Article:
Benjamin Rush Thoughts Upon Women's Education

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Since then, there has been a substantial distinction for ladies in view of their disparities in their role in society. In this case, women were determining to get some education to perform their duties to both family and country at the time of American Revolution. This Revolution brought a big impact because women had a higher opportunity for education. The post revolution promoted the idea that all citizens needed some education to participate and contribute to general public good. In addition, women should also be well educated in order to have the ability to prepare their children for their responsibilities. The late seventeenth-century essays of Benjamin Rush, one of the leaders of Revolutionary movement, and Judith Sargent Murray, an early…show more content…
The increased expectations and the limits to new ideas regarding women’s education were described I Benjamin Rush’s essay “Thoughts upon Female Education (1787),” in which he details the demanded training for both men and women for the comprehension of the fundamental standards of popular government. According to Rush, the states of property in America provide the obligation for the greatest part of the citizen to get the opportunities to employ themselves . Female members of the community brought a big assistance to them. They served as a “stewards and guardians of the property of their husbands.” Education should "be conducted upon the principles very different from what it is in Great Britain." For example, in Great Britain, being a servant was considered a 'regular occupation," but in America, being a servant "is the usual retreat of unexpected indigence." This shows that ladies in America had more obligations than the ladies from Great Britain. One American lady said, “ They are good servants who will do well with good looking after” It explicates that it should have great influence upon the female education in…show more content…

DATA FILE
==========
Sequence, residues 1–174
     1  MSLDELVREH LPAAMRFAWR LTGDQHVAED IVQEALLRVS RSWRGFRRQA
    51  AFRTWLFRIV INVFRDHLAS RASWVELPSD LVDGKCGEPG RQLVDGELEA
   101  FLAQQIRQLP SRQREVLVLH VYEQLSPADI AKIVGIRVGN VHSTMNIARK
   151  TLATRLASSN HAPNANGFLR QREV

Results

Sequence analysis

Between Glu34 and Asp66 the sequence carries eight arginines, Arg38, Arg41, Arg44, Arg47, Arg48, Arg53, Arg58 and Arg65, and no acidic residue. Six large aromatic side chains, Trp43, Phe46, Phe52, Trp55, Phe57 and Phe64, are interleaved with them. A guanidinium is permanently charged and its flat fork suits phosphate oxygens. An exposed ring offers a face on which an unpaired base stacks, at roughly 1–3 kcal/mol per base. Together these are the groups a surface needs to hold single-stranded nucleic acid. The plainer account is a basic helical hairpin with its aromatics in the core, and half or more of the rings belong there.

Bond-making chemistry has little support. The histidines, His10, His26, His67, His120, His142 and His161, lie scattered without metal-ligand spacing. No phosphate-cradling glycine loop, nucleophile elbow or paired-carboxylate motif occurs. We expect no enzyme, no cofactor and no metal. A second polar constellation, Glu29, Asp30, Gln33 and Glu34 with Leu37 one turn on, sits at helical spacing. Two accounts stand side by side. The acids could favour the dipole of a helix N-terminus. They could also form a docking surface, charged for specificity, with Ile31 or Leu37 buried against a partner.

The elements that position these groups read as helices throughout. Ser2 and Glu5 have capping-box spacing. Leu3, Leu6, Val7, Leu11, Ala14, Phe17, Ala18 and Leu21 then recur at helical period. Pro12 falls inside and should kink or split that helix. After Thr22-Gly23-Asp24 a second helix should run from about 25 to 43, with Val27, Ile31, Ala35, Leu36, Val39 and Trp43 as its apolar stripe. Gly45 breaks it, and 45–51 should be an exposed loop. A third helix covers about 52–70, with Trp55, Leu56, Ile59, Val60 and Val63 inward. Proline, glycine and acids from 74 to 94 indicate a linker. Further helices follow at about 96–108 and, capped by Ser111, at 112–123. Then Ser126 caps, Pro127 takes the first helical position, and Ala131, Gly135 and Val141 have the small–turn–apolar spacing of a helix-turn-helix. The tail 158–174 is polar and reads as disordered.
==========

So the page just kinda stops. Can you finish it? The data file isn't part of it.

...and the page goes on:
Benjamin Rush believed that the proper education of women would add to the general inspiring of the ethics and behavior of the nation. He indicated the limits to new ideas about women’s education. He promoted curriculum for women including “Geography, bookkeeping, reading, and arithmetic and omitted the traditional female accomplishment of needlework.” But he did not recommend some curriculum for women such as “advanced mathematics, natural philosophy, or Latin and Greek” because these subjects remained the trademark for only educated men. In addition, Judith Sargent Murray believed that “education would help women to be self reliant and self supporting” She assumed that male and female “should be taught to depend on their own efforts, for the procurement of an establishment in life.” She also stated that women’s minds are the same as men. Ladies therefore should get good education as

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